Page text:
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How Robbie Robertson saved rock 🎸

RIP Robbie Robertson, 80, who died Aug. 9, 2023. Toronto-born leader of The Band, lover of the sky and land, rock 'n' roller extraordinaire who could play the guitar just like ringing a bell. He’ll soon be heard again in his final movie score, Martin Scorsese’s “Killers of the Flower Moon.” I interviewed him many times, this one for his 2016 autobiography, “Testimony”:

Peter Howell

Toronto Star

A crowd of Donald Trump protesters is screaming and causing a ruckus near where Robbie Robertson, the guitarist, co-vocalist and chief songwriter for The Band, is sharing some rock ’n’ roll history.

“Oh my God!” Robertson says on the line.

“I’m in New York and there are people on Fifth Avenue screaming, ‘Not My President!’ ”

He knows a lot about screaming and causing a ruckus. He experienced plenty of both in his years with The Band, the four-fifths Canadian group of roots rockers who changed pop music in the 1960s and early ’70s, influencing not only tour mate Bob Dylan but also such ardent admirers as Jimi Hendrix, Eric Clapton, George Harrison and Joni Mitchell.

He also literally saved rock, having rescued both Dylan and the Who’s Keith Moon from drowning on separate occasions. There were loads of fun times, too, such as when he shared Beatle John Lennon’s artfully concealed stash of weed after the Fab Four’s last ever Toronto concert in 1966.

Robertson tells all in his new autobiography Testimony, which brings him to Toronto Monday night for an “In Conversation With” session at TIFF Bell Lightbox. He gives an insider’s account of some of the most famous incidents in rock history, including the 1966 “Judas!” audience revolt in Manchester, England and Dylan’s nearly fatal motorcycle crash soon after.

“Judas!” was the furious cry of an audience member in Manchester’s Free Trade Hall on May 17, 1966, the day after the release of Dylan’s Blonde on Blonde album, which Robertson played on. The aggrieved fan — and many others — objected to Dylan’s shift from the folk music of his early days to the “wild mercury sound” of Blonde on Blonde, wherein Dylan strapped on an electric guitar to loudly rock out, as he’d been doing on a European tour with The Band, then known as the Hawks.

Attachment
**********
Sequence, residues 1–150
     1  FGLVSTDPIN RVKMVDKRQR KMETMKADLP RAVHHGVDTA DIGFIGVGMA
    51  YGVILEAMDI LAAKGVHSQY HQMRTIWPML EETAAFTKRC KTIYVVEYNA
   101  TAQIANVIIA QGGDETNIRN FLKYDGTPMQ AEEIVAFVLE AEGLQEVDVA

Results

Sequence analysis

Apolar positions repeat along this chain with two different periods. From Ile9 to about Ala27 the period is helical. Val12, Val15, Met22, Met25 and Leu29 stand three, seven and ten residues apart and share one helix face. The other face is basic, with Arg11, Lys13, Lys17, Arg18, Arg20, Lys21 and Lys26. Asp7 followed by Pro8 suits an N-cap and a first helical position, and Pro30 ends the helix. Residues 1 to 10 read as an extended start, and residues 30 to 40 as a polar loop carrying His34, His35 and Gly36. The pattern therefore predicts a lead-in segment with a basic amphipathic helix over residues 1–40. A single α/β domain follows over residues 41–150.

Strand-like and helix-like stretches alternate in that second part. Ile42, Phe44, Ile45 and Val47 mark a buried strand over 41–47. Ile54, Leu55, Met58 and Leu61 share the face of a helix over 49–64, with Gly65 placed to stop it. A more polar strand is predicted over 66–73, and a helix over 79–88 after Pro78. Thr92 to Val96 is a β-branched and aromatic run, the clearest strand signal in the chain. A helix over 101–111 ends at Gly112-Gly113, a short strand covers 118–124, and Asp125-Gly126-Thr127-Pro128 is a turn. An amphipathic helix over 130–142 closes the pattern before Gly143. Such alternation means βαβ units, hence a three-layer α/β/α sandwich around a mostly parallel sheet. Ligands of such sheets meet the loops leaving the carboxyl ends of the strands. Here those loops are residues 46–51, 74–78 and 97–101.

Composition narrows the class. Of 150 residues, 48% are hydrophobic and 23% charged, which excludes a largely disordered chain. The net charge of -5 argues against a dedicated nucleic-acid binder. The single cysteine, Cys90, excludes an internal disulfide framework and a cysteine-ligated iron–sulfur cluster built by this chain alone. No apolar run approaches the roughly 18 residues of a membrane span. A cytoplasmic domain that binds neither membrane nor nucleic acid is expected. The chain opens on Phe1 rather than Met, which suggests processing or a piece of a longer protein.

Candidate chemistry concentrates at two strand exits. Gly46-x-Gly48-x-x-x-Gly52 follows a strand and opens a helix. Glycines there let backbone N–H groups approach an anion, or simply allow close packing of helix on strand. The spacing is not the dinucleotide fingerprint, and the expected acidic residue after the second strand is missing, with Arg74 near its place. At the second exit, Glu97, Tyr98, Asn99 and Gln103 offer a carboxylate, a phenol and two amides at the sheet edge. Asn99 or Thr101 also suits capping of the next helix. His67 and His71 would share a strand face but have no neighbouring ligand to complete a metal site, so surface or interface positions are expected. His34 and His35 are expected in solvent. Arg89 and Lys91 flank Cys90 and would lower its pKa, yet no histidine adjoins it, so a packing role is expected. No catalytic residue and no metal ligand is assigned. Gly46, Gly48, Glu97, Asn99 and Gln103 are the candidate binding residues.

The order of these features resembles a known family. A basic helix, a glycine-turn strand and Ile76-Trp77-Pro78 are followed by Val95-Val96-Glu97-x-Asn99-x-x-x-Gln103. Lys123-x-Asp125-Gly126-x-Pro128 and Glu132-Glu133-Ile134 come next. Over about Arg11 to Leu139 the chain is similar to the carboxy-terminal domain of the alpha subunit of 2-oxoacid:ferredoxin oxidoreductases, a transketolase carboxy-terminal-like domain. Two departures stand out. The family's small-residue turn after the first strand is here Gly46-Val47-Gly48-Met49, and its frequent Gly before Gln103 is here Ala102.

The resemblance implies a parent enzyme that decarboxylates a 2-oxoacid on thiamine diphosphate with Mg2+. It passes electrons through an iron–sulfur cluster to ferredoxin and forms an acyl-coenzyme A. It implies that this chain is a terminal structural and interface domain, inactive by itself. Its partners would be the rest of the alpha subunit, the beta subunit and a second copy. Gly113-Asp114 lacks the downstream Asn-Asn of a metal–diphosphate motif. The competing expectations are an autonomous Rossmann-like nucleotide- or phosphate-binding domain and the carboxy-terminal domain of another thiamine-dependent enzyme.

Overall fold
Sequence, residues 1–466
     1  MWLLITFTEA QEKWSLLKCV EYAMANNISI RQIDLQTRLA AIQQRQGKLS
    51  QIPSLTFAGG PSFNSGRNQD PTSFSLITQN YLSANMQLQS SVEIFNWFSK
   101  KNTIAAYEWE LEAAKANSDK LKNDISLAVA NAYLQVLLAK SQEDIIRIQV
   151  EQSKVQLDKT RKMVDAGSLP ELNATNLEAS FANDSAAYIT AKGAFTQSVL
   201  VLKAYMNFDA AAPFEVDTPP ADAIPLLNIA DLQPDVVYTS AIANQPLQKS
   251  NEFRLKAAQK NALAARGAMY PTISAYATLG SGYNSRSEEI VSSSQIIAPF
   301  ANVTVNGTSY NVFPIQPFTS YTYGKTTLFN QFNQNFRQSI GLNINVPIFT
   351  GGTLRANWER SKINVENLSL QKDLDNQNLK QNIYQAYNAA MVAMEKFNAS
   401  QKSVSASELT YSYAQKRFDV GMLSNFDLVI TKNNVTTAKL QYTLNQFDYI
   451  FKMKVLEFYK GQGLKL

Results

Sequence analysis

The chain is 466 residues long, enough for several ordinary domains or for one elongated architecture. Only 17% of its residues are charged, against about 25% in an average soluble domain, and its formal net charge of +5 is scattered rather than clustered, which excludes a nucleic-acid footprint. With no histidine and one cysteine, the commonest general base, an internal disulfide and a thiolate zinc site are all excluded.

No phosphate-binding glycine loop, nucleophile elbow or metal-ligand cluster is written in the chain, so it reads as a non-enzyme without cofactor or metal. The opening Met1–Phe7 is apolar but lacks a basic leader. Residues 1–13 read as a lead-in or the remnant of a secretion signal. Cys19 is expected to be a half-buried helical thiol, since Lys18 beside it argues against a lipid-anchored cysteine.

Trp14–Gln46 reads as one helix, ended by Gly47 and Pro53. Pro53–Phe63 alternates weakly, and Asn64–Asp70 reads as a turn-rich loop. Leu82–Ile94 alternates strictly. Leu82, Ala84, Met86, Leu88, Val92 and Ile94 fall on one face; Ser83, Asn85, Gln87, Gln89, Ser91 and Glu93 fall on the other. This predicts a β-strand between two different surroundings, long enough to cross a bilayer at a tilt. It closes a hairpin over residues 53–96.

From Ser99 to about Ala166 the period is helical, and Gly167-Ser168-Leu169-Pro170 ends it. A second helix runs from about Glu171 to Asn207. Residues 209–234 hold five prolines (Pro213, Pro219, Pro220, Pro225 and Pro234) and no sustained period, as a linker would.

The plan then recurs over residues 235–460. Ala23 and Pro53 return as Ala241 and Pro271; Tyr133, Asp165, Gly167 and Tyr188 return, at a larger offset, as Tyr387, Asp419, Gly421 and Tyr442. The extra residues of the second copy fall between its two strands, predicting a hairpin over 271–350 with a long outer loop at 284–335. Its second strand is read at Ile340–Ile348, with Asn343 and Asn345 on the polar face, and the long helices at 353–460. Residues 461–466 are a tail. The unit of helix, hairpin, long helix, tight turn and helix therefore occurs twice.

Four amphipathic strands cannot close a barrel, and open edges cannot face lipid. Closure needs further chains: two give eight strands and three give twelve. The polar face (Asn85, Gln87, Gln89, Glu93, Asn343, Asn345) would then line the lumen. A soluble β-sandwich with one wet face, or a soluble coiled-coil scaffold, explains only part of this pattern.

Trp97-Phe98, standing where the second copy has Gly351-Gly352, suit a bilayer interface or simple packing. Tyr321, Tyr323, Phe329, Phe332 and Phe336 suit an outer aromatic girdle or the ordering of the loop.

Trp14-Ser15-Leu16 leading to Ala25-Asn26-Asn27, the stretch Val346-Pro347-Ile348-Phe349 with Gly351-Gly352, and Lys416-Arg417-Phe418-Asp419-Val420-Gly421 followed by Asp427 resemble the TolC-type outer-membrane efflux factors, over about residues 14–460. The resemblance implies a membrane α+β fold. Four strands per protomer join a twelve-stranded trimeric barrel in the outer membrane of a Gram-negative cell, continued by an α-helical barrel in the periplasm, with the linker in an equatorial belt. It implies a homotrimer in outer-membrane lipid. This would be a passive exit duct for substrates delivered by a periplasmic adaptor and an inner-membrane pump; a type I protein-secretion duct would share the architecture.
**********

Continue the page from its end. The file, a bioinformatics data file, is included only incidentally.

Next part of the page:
Caught on a heavily bootlegged tape, it would become the taunt heard ’round the world, as folk purists everywhere rebelled against rock’s roll. Robertson remembers the “Judas!” incident as if it happened yesterday, but says it became more of a big deal in retrospect than at the time. Everything was happening so quickly back then for him and his fellow members of The Band, who included fellow Canadians Rick Danko, Richard Manuel and Garth Hudson, plus Arkansas fellow traveller Levon Helm.

“It wasn’t that different from the night before, or the night after, but that one just seemed to catch fire and it was sent out into the world. But while we were playing that night, I remember when we did ‘Just Like Tom Thumb’s Blues’ and I was playing with true anger coming out of my fingers. Because people were charging the stage. Some of them wanted to do harm. People were throwing stuff.”